As human beings we are born helpless and entirely dependent on those who care for us. Most of us are lucky to have had parents or guardians who provided us with food, security and comfort. We form attachment experiences with these caregivers that create a way to develop our social skills and grow up with a sense of purpose and value in the social world.
But some children do not find themselves in the care of a family but rather in the care of an institution. There they are much more likely to experience a lack of responsive and sensitive care. We now know that growing up in such settings has a long-term negative impact on a child’s physical and mental health.
Important questions remain about how best to help children recover from the negative effects of being institutionalised. Research with rodents and non-human primates has provided some clues. These animal studies have demonstrated that early maternal deprivation has enduring effects on biological and behavioural responses to stress, such as the functioning of the hyperthalamic-pituitary-adrenal (HPA) axis, a key physiological system that regulates stress hormone production.
It has also been shown that a typically high stress response of rodents who have been maternally deprived can be reversed by an enriched environment during puberty. However, because of the differences between animals and humans, it hasn’t been possible to generalise from animal studies to humans.
Turning down the stress levels
A new US study published in Proceedings of the National Academy of Sciences examined the consequences of early life deprivation on children associated with growing up in an institution. The study, by scientists based at the University of Washington, also looked at the potential for a family caregiving environment to reverse the impact of such early adversity.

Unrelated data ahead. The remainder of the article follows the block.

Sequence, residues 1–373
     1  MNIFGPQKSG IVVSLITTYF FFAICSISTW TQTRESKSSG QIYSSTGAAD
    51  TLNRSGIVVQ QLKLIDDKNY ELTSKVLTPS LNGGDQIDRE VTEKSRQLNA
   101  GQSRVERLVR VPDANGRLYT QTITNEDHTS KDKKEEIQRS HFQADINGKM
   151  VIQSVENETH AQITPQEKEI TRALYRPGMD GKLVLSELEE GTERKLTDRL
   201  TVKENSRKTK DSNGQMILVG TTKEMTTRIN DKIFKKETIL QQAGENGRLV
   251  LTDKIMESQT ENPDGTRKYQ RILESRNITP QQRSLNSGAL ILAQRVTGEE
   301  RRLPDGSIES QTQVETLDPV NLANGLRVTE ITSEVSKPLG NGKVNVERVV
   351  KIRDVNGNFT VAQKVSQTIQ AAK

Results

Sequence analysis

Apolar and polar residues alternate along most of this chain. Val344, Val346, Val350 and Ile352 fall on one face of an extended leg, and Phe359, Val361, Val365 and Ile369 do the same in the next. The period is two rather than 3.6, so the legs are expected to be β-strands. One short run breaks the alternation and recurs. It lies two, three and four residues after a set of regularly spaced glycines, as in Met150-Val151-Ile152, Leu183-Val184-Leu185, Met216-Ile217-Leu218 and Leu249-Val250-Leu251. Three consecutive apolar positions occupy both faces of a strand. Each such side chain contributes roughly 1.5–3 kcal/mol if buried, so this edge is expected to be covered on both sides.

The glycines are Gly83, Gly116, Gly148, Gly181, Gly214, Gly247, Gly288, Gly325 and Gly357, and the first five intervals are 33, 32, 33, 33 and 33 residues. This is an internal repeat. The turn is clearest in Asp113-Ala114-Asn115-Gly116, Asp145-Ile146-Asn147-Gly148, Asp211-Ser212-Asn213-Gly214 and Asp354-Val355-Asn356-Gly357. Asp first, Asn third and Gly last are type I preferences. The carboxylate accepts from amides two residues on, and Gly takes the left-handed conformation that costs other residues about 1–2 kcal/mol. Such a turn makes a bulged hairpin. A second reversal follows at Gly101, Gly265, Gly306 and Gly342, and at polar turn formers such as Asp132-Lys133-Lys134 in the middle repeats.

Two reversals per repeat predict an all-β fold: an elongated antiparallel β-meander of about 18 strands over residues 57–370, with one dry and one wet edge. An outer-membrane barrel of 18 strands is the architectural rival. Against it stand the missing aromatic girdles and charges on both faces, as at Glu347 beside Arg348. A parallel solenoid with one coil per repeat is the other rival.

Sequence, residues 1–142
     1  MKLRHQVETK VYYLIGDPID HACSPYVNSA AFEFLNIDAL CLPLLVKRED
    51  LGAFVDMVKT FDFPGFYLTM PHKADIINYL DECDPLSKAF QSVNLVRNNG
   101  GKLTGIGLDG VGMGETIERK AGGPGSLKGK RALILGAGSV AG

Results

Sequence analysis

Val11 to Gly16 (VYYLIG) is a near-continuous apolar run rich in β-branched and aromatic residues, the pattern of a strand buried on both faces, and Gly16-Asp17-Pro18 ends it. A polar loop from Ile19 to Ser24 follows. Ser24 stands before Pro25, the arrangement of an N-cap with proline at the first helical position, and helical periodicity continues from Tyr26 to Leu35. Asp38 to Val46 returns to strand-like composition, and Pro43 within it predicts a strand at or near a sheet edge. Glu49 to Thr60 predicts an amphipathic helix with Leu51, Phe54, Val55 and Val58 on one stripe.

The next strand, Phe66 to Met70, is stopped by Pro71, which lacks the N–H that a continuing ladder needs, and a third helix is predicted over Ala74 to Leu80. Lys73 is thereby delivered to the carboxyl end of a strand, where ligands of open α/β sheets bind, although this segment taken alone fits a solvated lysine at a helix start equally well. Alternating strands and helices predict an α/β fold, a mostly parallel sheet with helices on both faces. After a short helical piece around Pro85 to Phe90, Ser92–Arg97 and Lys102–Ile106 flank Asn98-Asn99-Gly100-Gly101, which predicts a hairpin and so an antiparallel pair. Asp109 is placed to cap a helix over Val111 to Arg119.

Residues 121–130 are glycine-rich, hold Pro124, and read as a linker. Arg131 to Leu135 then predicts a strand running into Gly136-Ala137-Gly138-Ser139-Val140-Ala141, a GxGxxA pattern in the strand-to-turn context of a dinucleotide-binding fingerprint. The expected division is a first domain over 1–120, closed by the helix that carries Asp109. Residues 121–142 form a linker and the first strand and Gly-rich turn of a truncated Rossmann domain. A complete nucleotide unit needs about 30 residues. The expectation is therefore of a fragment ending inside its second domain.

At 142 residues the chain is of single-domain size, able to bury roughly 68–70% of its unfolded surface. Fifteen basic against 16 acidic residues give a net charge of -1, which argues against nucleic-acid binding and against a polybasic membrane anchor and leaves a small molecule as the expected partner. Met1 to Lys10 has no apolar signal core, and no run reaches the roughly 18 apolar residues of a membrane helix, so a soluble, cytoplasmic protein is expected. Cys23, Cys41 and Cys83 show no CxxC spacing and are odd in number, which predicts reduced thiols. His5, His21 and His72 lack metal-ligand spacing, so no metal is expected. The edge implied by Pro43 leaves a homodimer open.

The children in the study were abandoned in Romania. They were randomly selected with 43 remaining in institutions in Bucharest and 48 placed in foster family care. These two groups of children were compared with each other and also with another group of 47 children who came from similar backgrounds, but had never been institutionalised.
The scientists measured the impact of these different rearing conditions on the development of the children’s “stress response system”. They did this by measuring the autonomic nervous system and the HPA axis. Because the institutionalised children were placed in foster care at different ages, it was possible to investigate the impact of timing on the development of their “stress response system”.
The researchers found that children who remained in institutional care exhibited significantly blunted biological response to psychosocial stress compared with children who were in foster care. In other words, their stress response systems responded less strongly to a socially challenging task. Overall, children in foster care generally resembled the typically developing children who had never been institutionalised.